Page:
Oups.   There seems to be a problem here.  With the ASE running in the process kernel mode, procedure cache gets exhausted as soon as we run prepared statements and turn the DYNAMIC_PREPARE off for own JDBC client.   The only way to reclaim space in the procedure cache for the process mode kernel is…. to bounce the server.  Urgh.  Pretty bad.   Procedure cache in the process kernel mode is very sensitive and seems to be wasted on something.

There is also a difference with compiled plan treatment in the two modes:

Process mode (query plans spinlock contention):

SpinQPLAN157P

Threaded kernel:

SpinQPLAN157T

This spinlock contention arises only when the statement cache is configured and the statements are submitted with DYNAMIC_PREPARED set to true in the threaded mode.  In process mode it climbs all the way up to 20%.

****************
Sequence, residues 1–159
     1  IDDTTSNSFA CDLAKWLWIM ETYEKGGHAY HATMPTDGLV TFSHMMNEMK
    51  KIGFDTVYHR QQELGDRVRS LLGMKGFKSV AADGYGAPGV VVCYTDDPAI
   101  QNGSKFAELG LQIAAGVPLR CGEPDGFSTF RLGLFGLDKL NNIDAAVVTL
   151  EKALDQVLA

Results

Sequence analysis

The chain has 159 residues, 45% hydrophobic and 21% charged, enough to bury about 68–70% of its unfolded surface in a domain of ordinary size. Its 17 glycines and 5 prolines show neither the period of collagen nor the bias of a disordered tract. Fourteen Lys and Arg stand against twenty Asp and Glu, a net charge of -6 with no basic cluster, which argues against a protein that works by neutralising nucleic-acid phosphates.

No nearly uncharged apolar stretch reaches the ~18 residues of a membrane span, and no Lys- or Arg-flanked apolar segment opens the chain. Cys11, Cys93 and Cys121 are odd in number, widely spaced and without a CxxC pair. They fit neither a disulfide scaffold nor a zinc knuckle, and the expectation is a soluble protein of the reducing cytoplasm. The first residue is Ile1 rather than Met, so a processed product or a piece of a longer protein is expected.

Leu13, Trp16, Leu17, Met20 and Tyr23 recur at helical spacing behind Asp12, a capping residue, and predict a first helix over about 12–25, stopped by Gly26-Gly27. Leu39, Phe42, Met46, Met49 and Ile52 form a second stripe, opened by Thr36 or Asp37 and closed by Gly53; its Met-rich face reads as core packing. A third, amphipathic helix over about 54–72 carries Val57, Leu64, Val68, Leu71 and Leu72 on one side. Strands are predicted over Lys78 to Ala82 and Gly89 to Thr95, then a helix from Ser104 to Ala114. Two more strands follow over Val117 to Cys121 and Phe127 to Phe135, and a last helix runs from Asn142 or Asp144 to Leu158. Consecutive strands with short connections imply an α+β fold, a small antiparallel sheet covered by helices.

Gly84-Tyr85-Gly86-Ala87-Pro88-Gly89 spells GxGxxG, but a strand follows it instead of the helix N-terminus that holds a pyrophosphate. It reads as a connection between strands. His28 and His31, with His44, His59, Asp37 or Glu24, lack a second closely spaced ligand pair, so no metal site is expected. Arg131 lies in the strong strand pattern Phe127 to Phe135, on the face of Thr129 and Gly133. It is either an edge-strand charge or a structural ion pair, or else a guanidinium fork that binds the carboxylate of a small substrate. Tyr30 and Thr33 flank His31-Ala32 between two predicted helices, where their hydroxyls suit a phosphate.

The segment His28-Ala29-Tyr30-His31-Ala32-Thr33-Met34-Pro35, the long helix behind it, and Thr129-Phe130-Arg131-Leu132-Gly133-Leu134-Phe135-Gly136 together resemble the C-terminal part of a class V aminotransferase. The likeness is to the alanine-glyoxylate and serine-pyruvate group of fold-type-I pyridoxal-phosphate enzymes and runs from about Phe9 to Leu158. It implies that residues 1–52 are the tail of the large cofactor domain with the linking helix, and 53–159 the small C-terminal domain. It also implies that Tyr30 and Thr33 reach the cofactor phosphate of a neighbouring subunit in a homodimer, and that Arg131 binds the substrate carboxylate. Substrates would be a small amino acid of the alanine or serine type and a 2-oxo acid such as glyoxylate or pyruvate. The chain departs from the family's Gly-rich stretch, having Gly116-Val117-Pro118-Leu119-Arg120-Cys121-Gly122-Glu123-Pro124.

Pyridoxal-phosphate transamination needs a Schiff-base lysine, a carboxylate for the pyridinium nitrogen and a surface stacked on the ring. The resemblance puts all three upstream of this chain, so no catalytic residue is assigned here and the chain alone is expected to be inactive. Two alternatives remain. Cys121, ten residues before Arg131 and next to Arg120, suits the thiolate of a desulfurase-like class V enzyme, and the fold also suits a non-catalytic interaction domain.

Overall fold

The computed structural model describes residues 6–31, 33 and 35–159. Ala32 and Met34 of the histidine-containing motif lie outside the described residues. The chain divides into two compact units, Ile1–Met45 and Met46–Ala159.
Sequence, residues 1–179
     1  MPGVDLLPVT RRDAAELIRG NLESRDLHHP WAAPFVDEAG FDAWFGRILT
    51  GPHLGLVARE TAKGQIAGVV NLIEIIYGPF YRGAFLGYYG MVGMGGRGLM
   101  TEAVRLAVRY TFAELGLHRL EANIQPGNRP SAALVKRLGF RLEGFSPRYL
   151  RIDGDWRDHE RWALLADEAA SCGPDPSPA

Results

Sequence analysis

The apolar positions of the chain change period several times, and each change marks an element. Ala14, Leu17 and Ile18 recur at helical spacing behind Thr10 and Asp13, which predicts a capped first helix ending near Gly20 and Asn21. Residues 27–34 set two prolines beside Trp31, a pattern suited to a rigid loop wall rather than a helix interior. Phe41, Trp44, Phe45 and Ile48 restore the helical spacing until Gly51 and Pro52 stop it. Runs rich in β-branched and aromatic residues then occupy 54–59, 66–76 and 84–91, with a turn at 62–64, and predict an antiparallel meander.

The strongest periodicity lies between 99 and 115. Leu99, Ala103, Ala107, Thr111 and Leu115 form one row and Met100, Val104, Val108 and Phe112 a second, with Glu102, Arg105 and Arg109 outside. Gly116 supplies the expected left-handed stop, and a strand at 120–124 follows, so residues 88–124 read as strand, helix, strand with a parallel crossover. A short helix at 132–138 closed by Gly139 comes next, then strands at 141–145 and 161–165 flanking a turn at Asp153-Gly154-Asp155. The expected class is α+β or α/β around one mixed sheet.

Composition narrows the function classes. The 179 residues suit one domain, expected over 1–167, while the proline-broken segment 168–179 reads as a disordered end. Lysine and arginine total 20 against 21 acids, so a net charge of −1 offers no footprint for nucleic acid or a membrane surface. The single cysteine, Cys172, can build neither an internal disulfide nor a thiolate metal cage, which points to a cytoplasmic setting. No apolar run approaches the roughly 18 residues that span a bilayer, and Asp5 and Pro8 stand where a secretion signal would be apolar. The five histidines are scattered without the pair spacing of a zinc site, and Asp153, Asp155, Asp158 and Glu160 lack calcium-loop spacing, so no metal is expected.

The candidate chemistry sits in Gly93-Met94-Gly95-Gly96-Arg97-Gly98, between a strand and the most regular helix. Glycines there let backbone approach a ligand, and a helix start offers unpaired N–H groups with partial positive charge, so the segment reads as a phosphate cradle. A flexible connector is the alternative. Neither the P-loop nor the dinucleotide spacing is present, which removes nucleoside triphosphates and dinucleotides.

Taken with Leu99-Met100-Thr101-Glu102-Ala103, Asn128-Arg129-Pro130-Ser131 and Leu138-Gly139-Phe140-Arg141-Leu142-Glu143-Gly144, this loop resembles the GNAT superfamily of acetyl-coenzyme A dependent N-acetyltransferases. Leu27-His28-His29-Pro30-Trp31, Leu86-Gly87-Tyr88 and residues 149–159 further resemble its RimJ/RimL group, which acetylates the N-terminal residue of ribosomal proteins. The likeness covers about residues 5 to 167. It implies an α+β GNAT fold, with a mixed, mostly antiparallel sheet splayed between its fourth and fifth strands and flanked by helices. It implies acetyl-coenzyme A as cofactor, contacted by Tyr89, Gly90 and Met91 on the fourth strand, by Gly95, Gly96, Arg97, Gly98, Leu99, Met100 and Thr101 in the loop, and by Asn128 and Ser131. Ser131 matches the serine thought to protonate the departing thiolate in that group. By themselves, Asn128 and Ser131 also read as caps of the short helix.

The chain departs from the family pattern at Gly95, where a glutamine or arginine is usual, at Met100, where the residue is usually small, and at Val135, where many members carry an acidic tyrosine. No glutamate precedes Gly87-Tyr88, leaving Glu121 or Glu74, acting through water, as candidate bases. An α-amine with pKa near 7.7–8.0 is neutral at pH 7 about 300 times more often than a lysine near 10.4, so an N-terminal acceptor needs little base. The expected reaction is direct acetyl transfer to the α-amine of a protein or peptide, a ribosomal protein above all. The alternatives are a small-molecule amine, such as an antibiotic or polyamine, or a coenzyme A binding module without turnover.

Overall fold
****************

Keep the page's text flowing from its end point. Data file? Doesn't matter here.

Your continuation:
Process mode – statements recompiled due to plans being flushed out of the cache:

NumSTMTRecomp157P

Threaded mode:

NumSTMTRecomp157T

For some reason, statements are recompiled almost twice more frequently in the process kernel mode.

To throw a stream of optimism here:   procedure manager spinlock contention.   This was the nasty spinlock that wrought real havoc in previous 15.x versions (and brought at least one upgrade attempt down).  This one now is pretty well treated in 15.7.

Process mode:

SpinPMGR157P

Threaded mode:

SpinPMGR157T

But this too, seems to be treated a bit better in the threaded kernel than in the process kernel mode.